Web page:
Sunday, March 14, 2010

Claude Rains


Claude Rains02
Originally uploaded by Quiltin' WaYnE

Claude Rains (10 November 1889 – 30 May 1967) was a British-American stage and film actor whose career spanned 47 years; he later held American citizenship. He was known for many roles in Hollywood films, among them the title role in The Invisible Man (1933), a corrupt senator in Mr. Smith Goes to Washington (1939), and, perhaps his most famous performance, Captain Renault in Casablanca (1942).

Early life

Rains was born William Claude Rains in Camberwell, London on November 10, 1889. He grew up, according to his daughter, with "a very serious cockney accent and a speech impediment".

His acting talents were recognised by Sir Herbert Beerbohm Tree, founder of The Royal Academy of Dramatic Art. Tree paid for the elocution lessons Rains needed in order to succeed as an actor. Later, Rains taught at the institution, teaching John Gielgud and Laurence Olivier, among others.

Rains served in the First World War in the London Scottish Regiment, with fellow actors Basil Rathbone, Ronald Colman and Herbert Marshall. Rains was involved in a gas attack that left him nearly blind in one eye for the rest of his life. However, the war did aid his social advancement and, by its end, he had risen from the rank of Private to Captain.

Career

Rains began his career in the London theatre, having a success in the title role of John Drinkwater's play Ulysses S. Grant, the follow-up to the playwright's major hit Abraham Lincoln, and traveled to Broadway in the late 1920s to act in leading roles in such plays as Shaw's The Apple Cart and in the dramatizations of The Constant Nymph, and Pearl S. Buck's novel The Good Earth, as a Chinese farmer.

Rains came relatively late to film acting and his first screen test was a failure, but his distinctive voice won him the title role in James Whale's The Invisible Man (1933) when someone accidentally overheard his screen test being played in the next room. Rains later credited director Michael Curtiz with teaching him the more understated requirements of film acting, or "what not to do in front of a camera".

Following The Invisible Man, Universal Studios tried to typecast him in horror films, but he broke free, starting with the role of Prince John in The Adventures of Robin Hood (1938), then with his Academy Award-nominated performance as the conflicted corrupt senator in Mr. Smith Goes to Washington (1939), and followed with probably his most famous role, the flexible French police Captain Renault in Casablanca (1942). In 1943, Rains played the title character in Universal's full-color remake of Phantom of the Opera. Bette Davis named him her favorite co-star, and they made four films together, including Mr. Skeffington and Now, Voyager. Rains became the first actor to receive a million dollar salary, playing Julius Caesar in Gabriel Pascal's lavish and unsuccessful version of Shaw's Caesar and Cleopatra (1945), made in Britain. In 1946, he played a refugee Nazi agent opposite Cary Grant and Casablanca co-star Ingrid Bergman in Alfred Hitchcock's Notorious. In 1949, he appeared in David Lean's The Passionate Friends.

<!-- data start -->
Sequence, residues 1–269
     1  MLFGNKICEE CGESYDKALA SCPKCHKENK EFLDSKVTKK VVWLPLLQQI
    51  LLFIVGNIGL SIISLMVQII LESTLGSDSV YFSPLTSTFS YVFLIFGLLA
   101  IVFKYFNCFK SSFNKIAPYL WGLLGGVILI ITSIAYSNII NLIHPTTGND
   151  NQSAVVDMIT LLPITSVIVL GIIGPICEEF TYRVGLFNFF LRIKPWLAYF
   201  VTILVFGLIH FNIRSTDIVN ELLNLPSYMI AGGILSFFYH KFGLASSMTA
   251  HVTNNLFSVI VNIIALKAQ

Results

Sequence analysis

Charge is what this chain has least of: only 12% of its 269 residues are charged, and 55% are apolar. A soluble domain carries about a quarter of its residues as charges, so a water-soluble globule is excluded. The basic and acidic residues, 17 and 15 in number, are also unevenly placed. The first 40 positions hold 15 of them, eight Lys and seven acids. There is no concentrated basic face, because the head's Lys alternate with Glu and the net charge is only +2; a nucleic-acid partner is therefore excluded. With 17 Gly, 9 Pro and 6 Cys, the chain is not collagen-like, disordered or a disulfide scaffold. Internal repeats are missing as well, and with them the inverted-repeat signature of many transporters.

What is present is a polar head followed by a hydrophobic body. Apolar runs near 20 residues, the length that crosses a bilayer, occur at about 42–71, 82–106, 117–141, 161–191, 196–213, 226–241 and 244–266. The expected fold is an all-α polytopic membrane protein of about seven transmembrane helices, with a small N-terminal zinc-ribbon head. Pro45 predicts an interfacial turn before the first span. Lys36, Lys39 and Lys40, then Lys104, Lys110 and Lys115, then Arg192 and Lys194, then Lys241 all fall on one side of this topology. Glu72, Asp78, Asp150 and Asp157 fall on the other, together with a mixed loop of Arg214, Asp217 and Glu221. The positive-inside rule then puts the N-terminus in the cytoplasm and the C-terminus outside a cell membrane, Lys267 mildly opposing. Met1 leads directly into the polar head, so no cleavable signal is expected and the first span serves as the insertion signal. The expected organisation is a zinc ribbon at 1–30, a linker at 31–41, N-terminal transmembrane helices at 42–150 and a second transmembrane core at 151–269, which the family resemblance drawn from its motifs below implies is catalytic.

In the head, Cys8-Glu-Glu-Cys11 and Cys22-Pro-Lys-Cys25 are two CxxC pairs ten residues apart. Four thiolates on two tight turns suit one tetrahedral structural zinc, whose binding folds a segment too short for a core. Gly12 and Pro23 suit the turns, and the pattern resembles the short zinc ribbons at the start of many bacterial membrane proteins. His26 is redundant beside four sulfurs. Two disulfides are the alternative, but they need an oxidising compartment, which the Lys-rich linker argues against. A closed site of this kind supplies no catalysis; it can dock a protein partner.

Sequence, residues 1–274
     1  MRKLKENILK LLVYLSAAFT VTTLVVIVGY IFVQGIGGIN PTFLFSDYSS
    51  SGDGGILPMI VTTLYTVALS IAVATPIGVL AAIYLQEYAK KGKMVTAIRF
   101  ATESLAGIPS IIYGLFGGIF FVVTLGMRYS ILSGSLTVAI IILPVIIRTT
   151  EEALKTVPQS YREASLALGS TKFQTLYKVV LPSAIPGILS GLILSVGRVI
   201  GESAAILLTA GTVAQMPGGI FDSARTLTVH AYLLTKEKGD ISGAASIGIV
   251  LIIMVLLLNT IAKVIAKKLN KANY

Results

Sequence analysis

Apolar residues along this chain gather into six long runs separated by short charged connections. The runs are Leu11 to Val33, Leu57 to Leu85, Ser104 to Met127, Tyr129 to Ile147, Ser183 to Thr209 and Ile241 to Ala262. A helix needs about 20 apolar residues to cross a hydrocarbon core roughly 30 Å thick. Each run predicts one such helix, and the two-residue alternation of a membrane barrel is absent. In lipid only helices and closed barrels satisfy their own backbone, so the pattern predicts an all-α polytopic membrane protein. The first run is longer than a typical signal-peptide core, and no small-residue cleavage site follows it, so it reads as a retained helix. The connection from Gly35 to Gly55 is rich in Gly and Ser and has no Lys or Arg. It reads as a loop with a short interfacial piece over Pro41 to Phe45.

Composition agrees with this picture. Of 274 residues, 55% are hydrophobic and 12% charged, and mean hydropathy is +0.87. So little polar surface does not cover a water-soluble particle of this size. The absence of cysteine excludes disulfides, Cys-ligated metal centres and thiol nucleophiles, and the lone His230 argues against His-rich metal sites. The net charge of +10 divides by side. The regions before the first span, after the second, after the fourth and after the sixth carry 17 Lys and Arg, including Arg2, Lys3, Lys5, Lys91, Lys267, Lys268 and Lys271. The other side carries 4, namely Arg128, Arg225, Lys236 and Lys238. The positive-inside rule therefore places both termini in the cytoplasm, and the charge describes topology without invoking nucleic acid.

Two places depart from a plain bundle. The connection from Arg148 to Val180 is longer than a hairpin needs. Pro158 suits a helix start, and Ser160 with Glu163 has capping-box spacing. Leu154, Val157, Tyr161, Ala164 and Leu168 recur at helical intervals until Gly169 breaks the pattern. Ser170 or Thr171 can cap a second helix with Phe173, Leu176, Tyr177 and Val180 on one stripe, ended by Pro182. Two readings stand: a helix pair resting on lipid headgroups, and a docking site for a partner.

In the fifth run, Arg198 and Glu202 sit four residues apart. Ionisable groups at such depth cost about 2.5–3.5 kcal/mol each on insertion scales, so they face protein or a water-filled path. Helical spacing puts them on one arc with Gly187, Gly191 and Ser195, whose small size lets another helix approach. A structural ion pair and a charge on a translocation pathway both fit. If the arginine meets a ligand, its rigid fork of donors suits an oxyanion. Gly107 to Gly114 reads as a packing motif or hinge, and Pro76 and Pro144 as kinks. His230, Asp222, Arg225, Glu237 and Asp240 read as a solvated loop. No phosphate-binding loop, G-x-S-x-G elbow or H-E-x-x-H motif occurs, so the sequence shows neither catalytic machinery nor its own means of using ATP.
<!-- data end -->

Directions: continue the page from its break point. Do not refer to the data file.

His only singing and dancing role was in a television musical version of Robert Browning's The Pied Piper of Hamelin, with Van Johnson as the Piper. This 1957 NBC color special, shown as a film rather than a live or videotaped program, was highly successful with the public. Sold into syndication after its first telecast, it was repeated annually by many local TV stations.

Rains remained a popular character actor in the 1950s and 1960s, appearing in many films. Two of his well-known later screen roles were as Dryden, a cynical British diplomat in Lawrence of Arabia (1962) and King Herod in The Greatest Story Ever Told (1965). The latter was his final film role.

Recordings

Rains made several audio recordings, narrating a few Bible stories for children on Capitol Records, and reciting Richard Strauss's setting for narrator and piano accompaniment of Alfred, Lord Tennyson's poem Enoch Arden, with the piano solos played by Glenn Gould. This recording was made by Columbia Masterworks Records.
[edit] Personal life

Rains became a naturalized citizen of the United States in 1939. He married six times, the first five of which ended in divorce: Isabel Jeans (1913-1915); Marie Hemingway (1920, for less than a year); Beatriz Thomas (1924 –April 8, 1935); Frances Propper (April 9, 1935–1956); and to classic pianist Agi Jambor (November 4, 1959–1960). He married Rosemary Clark Schrode in 1960, and stayed with her until her death on December 31, 1964. His only child, Jessica Rains, was born to him and Propper on January 24, 1938.

He acquired the 380 acre Stock Grange Farm in West Bradford Township, Pennsylvania just outside West Chester in 1941, and spent much of his time between takes reading up on agricultural techniques. He eventually sold the farm when his marriage to Propper ended in 1956.

Rains died from an abdominal hemorrhage in Laconia, New Hampshire on May 30, 1967 at the age of 77. He is interred in the Red Hill Cemetery, Moultonborough, New Hampshire.

Claude Rains: An Actor's Voice, a biography by David J. Skal and Rains' daughter Jessica Rains, was published in 2008.

Awards and nominations

In 1951, Rains won a Tony Award for Best Performance by a Leading Actor in a Play for Darkness at Noon. He was also nominated four times for the Academy Award for Best Supporting Actor, for Mr. Smith Goes to Washington (1939), Casablanca (1942), Mr. Skeffington (1944), and Notorious (1946).

He has a star on the Hollywood Walk of Fame, at 6400 Hollywood Boulevard.

From Wikipedia, the free encyclopedia
en.wikipedia.org/wiki/Claude_Rains